If you are interested in blogging or want to promote your book, please contact E. B. Davis at writerswhokill@gmail.com.


Our reason for creating WWK originated as an outlet for our love of reading and writing mystery fiction. We hope you love it, too, and will enjoy our holiday gifts to our readers with original short stories to celebrate the season. Starting on 11/16 stories by Warren Bull, Margaret S. Hamilton, Paula Gail Benson, Linda Rodriguez, KM Rockwood, Gloria Alden, and E. B. Davis will appear every Thursday into the New Year.


Our November Author Interviews: 11/8--Ellen Byron, and 11/15--Sujata Massey. Please join us in welcoming these authors to WWK.


November Saturday Bloggers: 11/4 Margaret S. Hamilton and 11/11 Cheryl Hollon.


Congratulations to our writers for the following publications:

Shari Randall's "Pets" will be included in Chesapeake Crimes: Fur, Feathers, and Felonies anthology, which will be published in 2018. In the same anthology "Rasputin," KM Rockwood's short story, will also be published. Her short story "Goldie" will be published in the Busted anthology, which will be released by Level Best Books on April 25th.


In addition, our prolific KM will have the following shorts published as well: "Making Tracks" in Passport to Murder, Bouchercon anthology, October 2017 and "Turkey Underfoot," just published, will appear in the anthology The Killer Wore Cranberry: a Fifth Course of Chaos.


James M. Jackson's 4th book in the Seamus McCree series, Doubtful Relations, is now available. His novella "Low Tide at Tybee" appears February 7 as part of Lowcountry Crimes: Four Novellas, which is available for order.

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Thursday, April 14, 2011

Trends in Reading

Many, many years ago, when I was young, when hot spots were places in the South and I could walk through space without being bombarded by radio waves, I’d find a small corner and dive into my favorite book. In that faraway time, the problem wasn’t to make kids exercise but to make them stay still. No one bothered the kid who could be seen but not heard.MB900389102


Even though some books I read had as many as eight hundred pages, I was still sorry when the story ended and I had to leave the imaginary world. I heard some adults say reading fiction was a waste of time and filled a young person’s head with silly ideas. Luckily, my parents were happy that I was easily and cheaply entertained. I borrowed most of my books from the library. At least twice a week, I’d walk the three miles there and back for my stories and to pick up my grandma’s “love stories.” That was what she called romances. Not only did I exercise but the weight of the books developed upper body strength. MH900439510


I didn’t read short stories until I was in high school. Unusual characters and dramatic endings intrigued me but I felt cheated that my retreat from the real world was so short. Later, I came to appreciate the short story and joined a critique group to practice this art form. It was a challenge and I was amazed at the variety of characters and situations members of the critique group produced each week.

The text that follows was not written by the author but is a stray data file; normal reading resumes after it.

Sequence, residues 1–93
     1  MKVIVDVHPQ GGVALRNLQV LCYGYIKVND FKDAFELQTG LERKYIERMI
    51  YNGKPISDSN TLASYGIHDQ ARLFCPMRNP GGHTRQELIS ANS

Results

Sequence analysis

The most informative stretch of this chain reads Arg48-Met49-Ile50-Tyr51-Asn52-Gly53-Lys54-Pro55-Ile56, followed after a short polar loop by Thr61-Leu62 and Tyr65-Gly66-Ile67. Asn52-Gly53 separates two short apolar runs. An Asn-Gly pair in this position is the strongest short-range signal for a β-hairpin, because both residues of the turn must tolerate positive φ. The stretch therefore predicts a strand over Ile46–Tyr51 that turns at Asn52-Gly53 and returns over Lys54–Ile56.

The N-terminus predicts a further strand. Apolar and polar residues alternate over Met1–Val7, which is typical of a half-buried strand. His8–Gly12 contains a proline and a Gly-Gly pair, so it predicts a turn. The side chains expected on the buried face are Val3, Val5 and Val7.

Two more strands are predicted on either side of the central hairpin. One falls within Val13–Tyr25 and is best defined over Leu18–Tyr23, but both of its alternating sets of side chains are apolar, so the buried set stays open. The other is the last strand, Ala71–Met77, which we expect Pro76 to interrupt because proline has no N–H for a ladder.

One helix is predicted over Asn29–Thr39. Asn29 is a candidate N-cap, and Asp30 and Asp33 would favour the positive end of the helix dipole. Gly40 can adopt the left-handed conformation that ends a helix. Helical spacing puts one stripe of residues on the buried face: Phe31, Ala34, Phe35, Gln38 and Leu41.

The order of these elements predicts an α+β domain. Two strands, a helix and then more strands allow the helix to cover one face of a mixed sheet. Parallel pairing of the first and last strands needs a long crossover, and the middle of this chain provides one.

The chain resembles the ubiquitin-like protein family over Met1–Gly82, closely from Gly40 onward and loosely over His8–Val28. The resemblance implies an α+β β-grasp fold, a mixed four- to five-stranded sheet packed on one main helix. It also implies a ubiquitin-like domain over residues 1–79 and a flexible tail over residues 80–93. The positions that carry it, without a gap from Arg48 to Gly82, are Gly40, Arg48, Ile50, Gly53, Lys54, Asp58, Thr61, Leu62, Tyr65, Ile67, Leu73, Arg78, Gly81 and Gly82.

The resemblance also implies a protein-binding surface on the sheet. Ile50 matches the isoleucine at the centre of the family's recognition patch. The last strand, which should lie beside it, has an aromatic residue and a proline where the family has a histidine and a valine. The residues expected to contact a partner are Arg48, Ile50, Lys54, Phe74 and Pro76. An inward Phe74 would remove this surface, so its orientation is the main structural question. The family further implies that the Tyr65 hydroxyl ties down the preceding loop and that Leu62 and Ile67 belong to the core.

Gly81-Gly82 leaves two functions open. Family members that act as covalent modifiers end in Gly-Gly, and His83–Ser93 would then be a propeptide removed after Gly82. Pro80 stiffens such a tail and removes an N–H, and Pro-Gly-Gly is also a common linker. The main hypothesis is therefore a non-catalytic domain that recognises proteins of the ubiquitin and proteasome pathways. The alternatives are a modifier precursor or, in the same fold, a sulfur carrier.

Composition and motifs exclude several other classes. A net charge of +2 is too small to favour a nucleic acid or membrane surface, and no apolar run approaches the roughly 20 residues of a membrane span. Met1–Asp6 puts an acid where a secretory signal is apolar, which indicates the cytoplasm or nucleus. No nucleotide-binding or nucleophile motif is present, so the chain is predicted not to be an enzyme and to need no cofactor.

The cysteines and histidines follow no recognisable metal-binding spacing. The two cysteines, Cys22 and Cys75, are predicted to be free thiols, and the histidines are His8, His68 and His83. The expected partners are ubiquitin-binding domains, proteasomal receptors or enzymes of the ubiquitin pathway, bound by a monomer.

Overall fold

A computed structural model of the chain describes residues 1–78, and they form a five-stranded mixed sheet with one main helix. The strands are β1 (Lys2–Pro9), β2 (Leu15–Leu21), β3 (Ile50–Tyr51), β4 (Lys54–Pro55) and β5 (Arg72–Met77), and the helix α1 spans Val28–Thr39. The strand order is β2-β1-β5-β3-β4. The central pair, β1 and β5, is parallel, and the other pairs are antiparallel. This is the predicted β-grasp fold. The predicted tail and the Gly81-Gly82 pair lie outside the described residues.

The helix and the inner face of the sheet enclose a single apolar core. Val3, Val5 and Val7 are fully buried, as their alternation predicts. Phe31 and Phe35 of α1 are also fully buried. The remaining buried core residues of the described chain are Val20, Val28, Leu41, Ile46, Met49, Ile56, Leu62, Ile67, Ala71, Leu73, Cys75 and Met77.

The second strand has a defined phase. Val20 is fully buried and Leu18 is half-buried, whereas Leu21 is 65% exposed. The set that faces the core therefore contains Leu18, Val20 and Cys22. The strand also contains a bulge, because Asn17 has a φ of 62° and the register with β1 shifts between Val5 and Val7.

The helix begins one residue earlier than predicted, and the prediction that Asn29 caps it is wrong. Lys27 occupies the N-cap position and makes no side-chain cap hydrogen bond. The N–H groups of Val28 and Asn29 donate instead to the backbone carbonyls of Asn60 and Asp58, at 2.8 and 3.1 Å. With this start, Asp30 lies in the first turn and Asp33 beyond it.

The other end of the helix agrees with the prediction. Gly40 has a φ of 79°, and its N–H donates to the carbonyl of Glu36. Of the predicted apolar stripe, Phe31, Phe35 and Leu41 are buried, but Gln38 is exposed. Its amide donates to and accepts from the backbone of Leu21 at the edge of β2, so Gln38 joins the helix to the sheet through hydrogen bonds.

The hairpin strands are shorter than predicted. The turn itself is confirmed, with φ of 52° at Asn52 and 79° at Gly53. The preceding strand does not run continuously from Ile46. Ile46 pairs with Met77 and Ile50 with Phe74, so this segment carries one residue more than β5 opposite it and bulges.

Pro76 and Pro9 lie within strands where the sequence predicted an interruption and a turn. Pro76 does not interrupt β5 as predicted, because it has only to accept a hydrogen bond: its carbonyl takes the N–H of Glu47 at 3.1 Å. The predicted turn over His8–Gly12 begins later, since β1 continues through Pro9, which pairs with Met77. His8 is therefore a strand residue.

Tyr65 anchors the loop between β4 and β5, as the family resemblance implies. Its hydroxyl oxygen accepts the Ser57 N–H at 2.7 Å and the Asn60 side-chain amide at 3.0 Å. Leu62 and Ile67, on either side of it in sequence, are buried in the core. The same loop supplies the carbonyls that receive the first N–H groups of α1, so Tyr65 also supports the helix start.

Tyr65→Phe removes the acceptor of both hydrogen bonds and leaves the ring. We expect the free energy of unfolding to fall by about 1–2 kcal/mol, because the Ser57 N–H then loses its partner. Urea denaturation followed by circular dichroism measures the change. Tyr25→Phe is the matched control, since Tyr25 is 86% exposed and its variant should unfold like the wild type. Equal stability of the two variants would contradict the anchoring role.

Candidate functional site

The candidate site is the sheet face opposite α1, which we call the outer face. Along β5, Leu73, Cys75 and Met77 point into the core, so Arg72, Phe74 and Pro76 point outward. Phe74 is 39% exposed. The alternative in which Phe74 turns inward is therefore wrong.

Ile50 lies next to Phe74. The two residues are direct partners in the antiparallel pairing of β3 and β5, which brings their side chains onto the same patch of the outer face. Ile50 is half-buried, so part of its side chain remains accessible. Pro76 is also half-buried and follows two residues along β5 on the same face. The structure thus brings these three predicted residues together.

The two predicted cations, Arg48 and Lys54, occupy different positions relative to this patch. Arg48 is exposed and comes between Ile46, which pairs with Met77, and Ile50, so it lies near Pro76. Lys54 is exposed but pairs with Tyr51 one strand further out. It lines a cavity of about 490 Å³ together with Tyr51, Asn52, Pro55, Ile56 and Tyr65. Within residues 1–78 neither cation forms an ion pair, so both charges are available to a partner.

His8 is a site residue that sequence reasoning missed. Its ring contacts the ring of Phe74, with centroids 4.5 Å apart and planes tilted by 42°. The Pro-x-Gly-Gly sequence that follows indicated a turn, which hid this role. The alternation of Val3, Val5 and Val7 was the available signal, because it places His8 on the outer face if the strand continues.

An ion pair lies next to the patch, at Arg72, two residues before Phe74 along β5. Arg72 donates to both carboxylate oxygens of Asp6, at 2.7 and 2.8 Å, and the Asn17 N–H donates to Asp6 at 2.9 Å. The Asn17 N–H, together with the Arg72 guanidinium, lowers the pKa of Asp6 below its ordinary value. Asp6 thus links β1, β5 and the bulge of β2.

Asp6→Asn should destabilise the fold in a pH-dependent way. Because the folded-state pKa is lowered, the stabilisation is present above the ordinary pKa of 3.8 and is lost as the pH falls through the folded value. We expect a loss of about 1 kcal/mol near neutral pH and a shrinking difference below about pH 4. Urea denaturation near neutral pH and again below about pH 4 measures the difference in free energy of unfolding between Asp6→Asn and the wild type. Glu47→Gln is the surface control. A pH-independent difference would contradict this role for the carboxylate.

Then I heard the underground message that short stories were going out of vogue. Magazines no longer wanted to publish them. Only writers who produced novels could expect to develop a readership. Despite the negative publicity, the short story didn’t die. Now, anthologies and e-zines provide outlets for all kinds of short fiction. More and more Guppies are BSPing the publication of a short work.


I’ve read short story collections by Kaye George and Warren, each story a fresh experience. Level Best Books publishes a collection of short stories every year by New England authors or stories set in New England and I look forward to buying my copy at New England Crimebake. Every year, I purchase The Best American Mystery Stories. Lee Child was the editor in 2010.


Short stories suit the pace of life today. I don’t see many of the eight hundred pagers I used to read but I still enjoy the anticipation of starting a novel. Sometimes I simply prefer a gourmet snack to a three course meal.


Do you have the titles of any especially good stories to share?

4 comments:

Warren Bull said...

Thanks for mentioning me and Kaye. To Build A fire - Jack London, The Lady or The Tiger - Frank Stockton and An Occurrence at Owl Creek Bridge -Ambrose Bierce have stayed in my mind for decades. Of course my own short story collection Murder Manhattan Style is available at http://www.ninthmonthpublishing.com/books.html

Pauline Alldred said...

An Occurrence at Owl Creek Bridge is definitely unforgettable.

E. B. Davis said...

I'm late to the party because once again I've been trying to find the title of my favorite P.G. Wodehouse short. I read it years ago and thought it was called, "The Slingshot," but can't find it anywhere. It's about a gentleman pig farmer, who is also a peer. His sister and her kids move back to the family home, which he has inherited. The kids hate their tutor and take shots at him with a slingshot. The sister expects her brother to discipline, which leds to a fight between them over who was the best at aiming a slingshot when they were kids. Of course, champagne goes to the victor.

If anyone knows the real title of this short, please let me know. Thanks!

Kaye George said...

Pauline, it's a thrill to see my collection mentioned here! I've always loved short stories and used to read them in the old Atlantic Monthly and the New Yorker magazine. In fact, I used to submit stories there but, alas, never got any accepted. :)

Following Warren's excellent example, I'll include a link here:
http://www.smashwords.com/books/view/26383
(also available at Kindle)

Thanks so much for the kind mention!